Prevalence of Exercise-Induced Bronchospasm in a Cohort of Varsity College Athletes : Medicine & Science in Sports & Exercise

Journal Logo

CLINICAL SCIENCES: Clinically Relevant

Prevalence of Exercise-Induced Bronchospasm in a Cohort of Varsity College Athletes


Author Information
Medicine & Science in Sports & Exercise 39(9):p 1487-1492, September 2007. | DOI: 10.1249/mss.0b013e3180986e45
  • Free


Exercise-induced bronchospasm (EIB) describes airway narrowing that occurs in association with exercise. The airway obstruction associated with exercise commonly occurs after exercise has ceased. Exercise is one of the most common triggers of bronchospasm in patients with chronic asthma, and EIB occurs in 80-90% of individuals with known asthma (17). EIB also occurs in approximately 10% of the general population who do not have a known history of chronic asthma (6). These patients have symptoms of asthma only when they exercise.

The prevalence of EIB in elite, Olympic athletes has been reported to be as much as five times greater than that of the general population (19,25). However, there have been relatively few studies investigating the prevalence of EIB specifically in college athletes (10,22,27). This population is of particular interest, because many of the reported severe episodes of asthma provoked by exercise that have led to morbidity and mortality have occurred in competitive athletes that were less than 21 yr of age (4). Furthermore, prior studies of college athletes did not use eucapnic voluntary hyperpnea (EVH) as a bronchoprovocation technique, which has been shown to be a sensitive test for diagnosing EIB (7,14-16). The International Olympic Committee considers EVH to be the bronchoprovocation test of choice to document EIB (2), and EVH has been shown to be superior in diagnosing EIB compared with methacholine or traditional exercise challenges (7,23).

The specific aim of this study was to investigate the prevalence of EIB in a cohort of varsity athletes at The Ohio State University using eucapnic voluntary hyperpnea as a bronchoprovocation technique. We also examined whether there were interactions between the prevalence of EIB and presence of subjective respiratory symptoms, the type of sport (high ventilation vs low ventilation) in which the athlete participated, or the sex of the athlete. We hypothesized that there would be a significant prevalence of EIB in this cohort of college athletes, even in those with no history of asthma, after EVH challenge testing.



Potential participants in the study were members of male and female varsity athletic teams at The Ohio State University. Exclusion criteria included pregnancy, recent upper-respiratory tract infection (within 2 wk of study enrollment), a history of > 10 pack-years of tobacco use (calculated by multiplying the number of packs of cigarettes smoked per day by the number of years the person has smoked), or history of asthma with a current forced expiratory volume in 1 s (FEV1) of less than 70% of the predicted value on baseline spirometry, which would identify airway obstruction and possibly poor asthma control. A history of asthma was defined as a prior diagnosis of asthma by a physician.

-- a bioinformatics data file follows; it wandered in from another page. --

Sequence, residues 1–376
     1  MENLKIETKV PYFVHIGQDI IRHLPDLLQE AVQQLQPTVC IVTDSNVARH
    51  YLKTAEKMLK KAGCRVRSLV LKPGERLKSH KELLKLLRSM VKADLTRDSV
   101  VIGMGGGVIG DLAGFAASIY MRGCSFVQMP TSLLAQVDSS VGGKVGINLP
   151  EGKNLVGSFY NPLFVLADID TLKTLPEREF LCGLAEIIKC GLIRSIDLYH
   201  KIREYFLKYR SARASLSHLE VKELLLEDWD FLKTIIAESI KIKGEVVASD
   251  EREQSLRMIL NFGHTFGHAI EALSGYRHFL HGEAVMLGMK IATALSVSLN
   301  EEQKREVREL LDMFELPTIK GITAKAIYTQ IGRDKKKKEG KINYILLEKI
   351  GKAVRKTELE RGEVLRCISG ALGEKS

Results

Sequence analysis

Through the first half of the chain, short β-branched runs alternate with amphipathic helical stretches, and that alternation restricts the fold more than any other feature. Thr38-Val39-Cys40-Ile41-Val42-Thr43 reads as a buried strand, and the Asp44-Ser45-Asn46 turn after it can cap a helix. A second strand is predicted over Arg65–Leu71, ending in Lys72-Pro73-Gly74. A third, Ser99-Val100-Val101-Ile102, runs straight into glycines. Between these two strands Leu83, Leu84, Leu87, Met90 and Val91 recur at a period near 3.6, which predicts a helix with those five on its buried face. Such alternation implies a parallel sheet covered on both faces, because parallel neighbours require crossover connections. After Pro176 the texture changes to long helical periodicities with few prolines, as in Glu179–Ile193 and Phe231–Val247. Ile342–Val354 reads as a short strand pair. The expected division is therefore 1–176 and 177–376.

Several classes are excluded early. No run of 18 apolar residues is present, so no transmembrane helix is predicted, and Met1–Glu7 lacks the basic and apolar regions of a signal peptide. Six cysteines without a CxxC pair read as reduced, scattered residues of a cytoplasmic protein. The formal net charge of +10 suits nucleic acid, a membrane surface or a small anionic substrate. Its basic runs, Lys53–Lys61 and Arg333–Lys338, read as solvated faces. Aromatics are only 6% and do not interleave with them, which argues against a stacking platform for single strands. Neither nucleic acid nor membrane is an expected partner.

Study design and protocol.

Varsity athletes were recruited on two separate occasions at mandatory preparticipation screening physicals at The Ohio State University. Athletes were presented the proposal in a short oral presentation and then given the opportunity to participate in the trial. All participation was voluntary and written informed consent was obtained from every participant prior to enrollment. The study received the approval of the institutional review board at The Ohio State University and the National Collegiate Athletic Association Compliance Office.

Participation in the study required two visits (Fig. 1). At the first visit, athletes underwent baseline spirometry following American Thoracic Society (ATS) guidelines (18) and completed a questionnaire addressing respiratory symptoms (e.g., wheezing, dyspnea, chest pain) during exercise designed by the U. S. Olympic Committee Sports Medicine Division (28). At the second visit, athletes underwent eucapnic voluntary hyperpnea bronchoprovocation testing using the method of Anderson et al. (1).

Study schema.

Each athlete performed baseline spirometry according to ATS standards (18). EVH bronchoprovocation challenge testing was then performed after spirometry. Participants breathed a mixture of dry compressed gas (5.0% CO2, 21.0% O2, balance N2) at a target rate of 85% of their maximum voluntary ventilation (MVV) per minute (calculated as 30 times the baseline FEV1, which approximates 85% MVV) for 6 min. Gas was channeled from a cylinder into a calibrated Rotometer (Brooks Model 1307) and then through an inspiratory target balloon (medical research bladder 100 MRL) that was maintained half full (to ensure correct minute ventilation) and then to a two-way, low-resistance valve (Hans Rudolph, Model 2700 2-Way Non-Rebreathing Valve) and mouthpiece (Medical Graphics #758301-001) for exercise. A metronome, timed for 30 cycles per minute, was used to help guide the athlete to achieve their target MVV. Spirometry was performed at 3, 5, 10, 15, and 20 min after the EVH challenge.

Criteria for diagnosis of EIB.

An EVH test was defined by a decline post-EVH testing of any of the following: FEV1 of > 10%, forced vital capacity (FVC) > 5%, or peak expiratory flow rate (PEFR) > 20% (11).

Measurements and statistical methods.

The primary aim of this study was to determine the prevalence of exercise-induced bronchospasm in a cohort of college athletes. The interaction of type of sport, sex of the athlete and presence of symptoms was also analyzed. Pearson's chi-square and logistic regression coefficients were used to test the significance of these associations. Significance was defined as a P value < 0.05. Sports were subjectively defined as high or low ventilation according to the ventilatory demands required to compete in the sport (29). All statistical analyses were run using Stata/SE, version 9.2, College Station, TX.